Australia’s coronavirus re-boot needs to consider population as well as the economy

Similar to some of the commentary in Canadian media, although Australia has had more restrictive immigration for a number of years:

We all know our coronavirus isolation has had a marked effect on our ability to produce GDP income and tax revenue, both so necessary for the proper running of our economy.

But it is also at times like this that we tend to forget that our greatest resource is not our significant mineral wealth or our world-class agricultural produce. It is our people.

And we are a migrant nation, built on the sweat and tears of many successful people, who, on the whole, maintain our exceptional standard of living with their hard work, good education and the burning aspiration of always wanting to do better.

But we are also an ageing country, with our largest demographic now approaching retirement and fewer people in the 20-60 demographic — the age group that produces the clear majority of tax revenue.

Population is on the decline

Last week Acting Minister for Immigration, Alan Tudge, confirmed what we knew to be true since the virus took hold — coronavirus is driving the biggest population decline in Australian history.

Since the beginning of the year, we have lost almost two years of population growth in just three months.

More than 300,000 tourists, students and itinerant workers have fled our shores in an exodus that is certain to deepen our consumer spending slump and put those industries who heavily rely on a migrant workforce.

Some are also predicting that a further 300,000 are set to leave before the end of the year — another blow to our GDP.

This severely impacts our country’s productive tax-generating capacity.

In times of crisis when public spending is at fever pitch, we need to be thinking about how we are going to foot the bill, to help expediate our recovery and get the economy working hard for us again.

How do we turn it around?

This is not a uniquely Australian problem, but a problem we share with many other developed economies including Japan, Britain and Germany.

So, what might be the remedies?

We could simply have more children.

In Australia, we are only averaging 1.7 children per couple, so we are not even replacing mum and dad. This is unlikely to change in the short to medium term.

We can also increase taxation on a smaller and smaller number of people, which is probably electorally unpalatable, not to mention the real possibility of reducing GDP and tax revenue as a result.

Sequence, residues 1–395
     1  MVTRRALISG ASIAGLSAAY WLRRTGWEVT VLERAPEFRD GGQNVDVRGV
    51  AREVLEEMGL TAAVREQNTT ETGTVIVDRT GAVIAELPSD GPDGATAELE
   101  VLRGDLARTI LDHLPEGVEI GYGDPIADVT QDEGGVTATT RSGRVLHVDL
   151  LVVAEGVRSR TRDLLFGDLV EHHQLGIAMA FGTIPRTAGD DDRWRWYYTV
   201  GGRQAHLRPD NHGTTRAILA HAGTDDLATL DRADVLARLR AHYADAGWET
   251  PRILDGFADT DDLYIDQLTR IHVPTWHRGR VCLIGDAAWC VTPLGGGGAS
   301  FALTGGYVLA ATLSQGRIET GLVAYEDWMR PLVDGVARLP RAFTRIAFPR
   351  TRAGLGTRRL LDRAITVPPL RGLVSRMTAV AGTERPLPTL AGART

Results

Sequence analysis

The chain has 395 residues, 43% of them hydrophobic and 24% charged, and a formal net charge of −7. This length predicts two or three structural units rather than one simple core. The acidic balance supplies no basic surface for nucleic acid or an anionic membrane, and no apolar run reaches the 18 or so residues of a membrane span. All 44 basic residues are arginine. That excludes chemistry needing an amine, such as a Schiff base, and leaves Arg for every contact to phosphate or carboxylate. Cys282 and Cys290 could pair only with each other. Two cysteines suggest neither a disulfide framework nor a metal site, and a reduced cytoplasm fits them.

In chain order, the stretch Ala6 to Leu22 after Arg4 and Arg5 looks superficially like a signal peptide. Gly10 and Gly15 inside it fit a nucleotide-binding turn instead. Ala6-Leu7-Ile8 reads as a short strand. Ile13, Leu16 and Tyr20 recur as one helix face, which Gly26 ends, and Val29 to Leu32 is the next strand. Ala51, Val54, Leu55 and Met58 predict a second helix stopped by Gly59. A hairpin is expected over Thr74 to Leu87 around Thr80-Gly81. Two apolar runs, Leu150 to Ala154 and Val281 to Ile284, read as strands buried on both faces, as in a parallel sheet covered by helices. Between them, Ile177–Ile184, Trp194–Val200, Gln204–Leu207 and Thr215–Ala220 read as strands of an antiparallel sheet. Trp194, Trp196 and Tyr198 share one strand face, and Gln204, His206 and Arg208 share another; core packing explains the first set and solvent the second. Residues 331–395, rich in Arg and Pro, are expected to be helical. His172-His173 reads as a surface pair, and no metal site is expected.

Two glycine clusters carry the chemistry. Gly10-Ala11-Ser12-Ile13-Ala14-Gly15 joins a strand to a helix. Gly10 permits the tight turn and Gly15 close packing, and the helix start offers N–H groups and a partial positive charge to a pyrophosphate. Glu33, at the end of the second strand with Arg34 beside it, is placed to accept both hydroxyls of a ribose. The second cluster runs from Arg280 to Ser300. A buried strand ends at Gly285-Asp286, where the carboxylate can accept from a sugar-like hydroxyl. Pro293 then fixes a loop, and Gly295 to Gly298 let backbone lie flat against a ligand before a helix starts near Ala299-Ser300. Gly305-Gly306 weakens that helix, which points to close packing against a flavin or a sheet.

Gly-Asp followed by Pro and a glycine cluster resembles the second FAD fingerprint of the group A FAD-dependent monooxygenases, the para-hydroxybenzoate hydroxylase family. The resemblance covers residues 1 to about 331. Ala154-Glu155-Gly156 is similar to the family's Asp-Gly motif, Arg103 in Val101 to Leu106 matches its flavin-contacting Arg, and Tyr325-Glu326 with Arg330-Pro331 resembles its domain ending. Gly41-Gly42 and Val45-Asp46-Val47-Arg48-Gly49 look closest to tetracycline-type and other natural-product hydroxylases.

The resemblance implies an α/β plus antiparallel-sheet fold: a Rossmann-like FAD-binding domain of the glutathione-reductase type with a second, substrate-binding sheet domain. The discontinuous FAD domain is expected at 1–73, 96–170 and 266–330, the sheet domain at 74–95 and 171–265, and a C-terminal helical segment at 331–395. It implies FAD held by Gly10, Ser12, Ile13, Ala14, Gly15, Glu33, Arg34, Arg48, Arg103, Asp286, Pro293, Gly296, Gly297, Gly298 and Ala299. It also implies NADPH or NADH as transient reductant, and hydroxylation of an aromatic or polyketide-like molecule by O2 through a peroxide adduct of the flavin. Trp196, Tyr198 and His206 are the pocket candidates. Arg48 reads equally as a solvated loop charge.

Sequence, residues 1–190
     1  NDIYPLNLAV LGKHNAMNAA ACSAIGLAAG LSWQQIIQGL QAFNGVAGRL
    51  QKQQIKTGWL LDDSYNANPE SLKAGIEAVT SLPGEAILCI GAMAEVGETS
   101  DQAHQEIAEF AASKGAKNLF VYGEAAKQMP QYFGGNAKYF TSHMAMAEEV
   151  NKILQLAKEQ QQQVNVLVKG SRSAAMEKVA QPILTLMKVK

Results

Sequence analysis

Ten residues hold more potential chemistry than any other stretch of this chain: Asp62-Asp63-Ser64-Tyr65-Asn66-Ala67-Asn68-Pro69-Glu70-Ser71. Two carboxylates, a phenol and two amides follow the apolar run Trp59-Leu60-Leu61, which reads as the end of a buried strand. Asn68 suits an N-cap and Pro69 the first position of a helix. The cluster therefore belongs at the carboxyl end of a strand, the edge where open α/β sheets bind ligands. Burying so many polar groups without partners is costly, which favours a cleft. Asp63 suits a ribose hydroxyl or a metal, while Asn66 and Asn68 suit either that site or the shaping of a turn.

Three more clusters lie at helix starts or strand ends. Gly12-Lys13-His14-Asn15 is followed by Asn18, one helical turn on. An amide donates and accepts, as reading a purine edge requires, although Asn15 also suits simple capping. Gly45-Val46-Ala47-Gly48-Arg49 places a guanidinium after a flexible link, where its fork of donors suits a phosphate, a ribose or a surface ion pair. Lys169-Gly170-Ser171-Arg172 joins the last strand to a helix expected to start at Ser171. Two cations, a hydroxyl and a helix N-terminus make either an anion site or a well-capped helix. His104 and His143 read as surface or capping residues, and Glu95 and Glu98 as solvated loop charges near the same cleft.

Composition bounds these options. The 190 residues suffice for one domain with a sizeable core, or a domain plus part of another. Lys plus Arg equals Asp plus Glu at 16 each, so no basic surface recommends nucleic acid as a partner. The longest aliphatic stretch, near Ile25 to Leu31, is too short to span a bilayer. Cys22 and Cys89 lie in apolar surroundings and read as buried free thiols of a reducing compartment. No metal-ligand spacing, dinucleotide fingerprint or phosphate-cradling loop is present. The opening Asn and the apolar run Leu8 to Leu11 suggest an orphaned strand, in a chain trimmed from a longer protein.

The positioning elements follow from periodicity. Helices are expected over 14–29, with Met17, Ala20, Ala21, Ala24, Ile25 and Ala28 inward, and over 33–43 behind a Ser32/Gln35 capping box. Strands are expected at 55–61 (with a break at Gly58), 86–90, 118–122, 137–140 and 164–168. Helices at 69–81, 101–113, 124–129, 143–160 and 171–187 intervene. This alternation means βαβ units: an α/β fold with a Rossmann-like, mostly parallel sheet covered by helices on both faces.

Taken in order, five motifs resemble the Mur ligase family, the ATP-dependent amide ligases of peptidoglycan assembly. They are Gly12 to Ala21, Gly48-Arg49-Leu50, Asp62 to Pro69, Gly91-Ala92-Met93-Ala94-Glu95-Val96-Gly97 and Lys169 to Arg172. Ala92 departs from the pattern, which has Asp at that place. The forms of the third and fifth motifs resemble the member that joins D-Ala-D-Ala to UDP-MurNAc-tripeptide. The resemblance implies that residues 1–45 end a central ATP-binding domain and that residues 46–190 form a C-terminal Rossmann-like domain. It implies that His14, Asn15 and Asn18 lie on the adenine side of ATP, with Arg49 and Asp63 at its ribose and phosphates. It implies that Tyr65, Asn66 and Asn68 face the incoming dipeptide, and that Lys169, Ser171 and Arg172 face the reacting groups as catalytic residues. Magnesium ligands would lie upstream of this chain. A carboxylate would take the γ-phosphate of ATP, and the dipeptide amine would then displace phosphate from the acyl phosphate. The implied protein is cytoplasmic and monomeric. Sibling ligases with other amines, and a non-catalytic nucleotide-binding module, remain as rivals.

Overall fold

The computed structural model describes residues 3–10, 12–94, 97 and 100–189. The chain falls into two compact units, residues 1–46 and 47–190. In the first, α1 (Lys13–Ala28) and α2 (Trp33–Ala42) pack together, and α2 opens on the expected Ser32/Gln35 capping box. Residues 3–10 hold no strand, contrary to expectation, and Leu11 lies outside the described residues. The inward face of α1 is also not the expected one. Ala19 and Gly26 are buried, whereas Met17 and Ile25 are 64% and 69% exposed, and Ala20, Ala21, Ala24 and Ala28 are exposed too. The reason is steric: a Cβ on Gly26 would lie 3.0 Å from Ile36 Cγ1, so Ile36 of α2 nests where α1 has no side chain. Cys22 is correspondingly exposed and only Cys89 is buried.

Or we can go into austerity and cut spending, also a hugely problematic solution socially and, quite possibly, financially.

Alternatively we can simply import more people in the productive cohort.

A young migrant who goes to school here for four years, then does the HSC, studies at our universities, gets a part time job, starts paying tax, then goes on to full employment some and stays in the tax base for over 40 years, is an ideal candidate.

At a time like this when our economic prosperity is so deeply threated by disease and debt, it might not be altogether intuitive, but it is indeed our best remedy to increase our intake of foreign students, agricultural, nursing and hospitality workers.

Migrants can help us rebuild

Each of these categories are vital to fill for our recovery and continued economic success.

We need the foreign students to rescue our top universities and as for the hundreds of jobs in hospitality, agriculture and nursing, well of course they should be available to our residents first.

But if 30 years of experience is anything to go by, these are not jobs that we have ever been able to fill locally.

And with the new infrastructure boom that will hopefully ensue following COVID-19, we will also need new migrant skills to assist our small but resourceful workforce in creating new economic growth, so vital in re-igniting our economy.

Australia, prior to COVID-19, had 29 years of continuous economic growth.

Perhaps with a bit of vision and new skill base, powered by local and migrant minds and hands, we can make it 30 years.

Source: Australia’s coronavirus re-boot needs to consider population as well as the economy

About Andrew
Andrew blogs and tweets public policy issues, particularly the relationship between the political and bureaucratic levels, citizenship and multiculturalism. His latest book, Policy Arrogance or Innocent Bias, recounts his experience as a senior public servant in this area.

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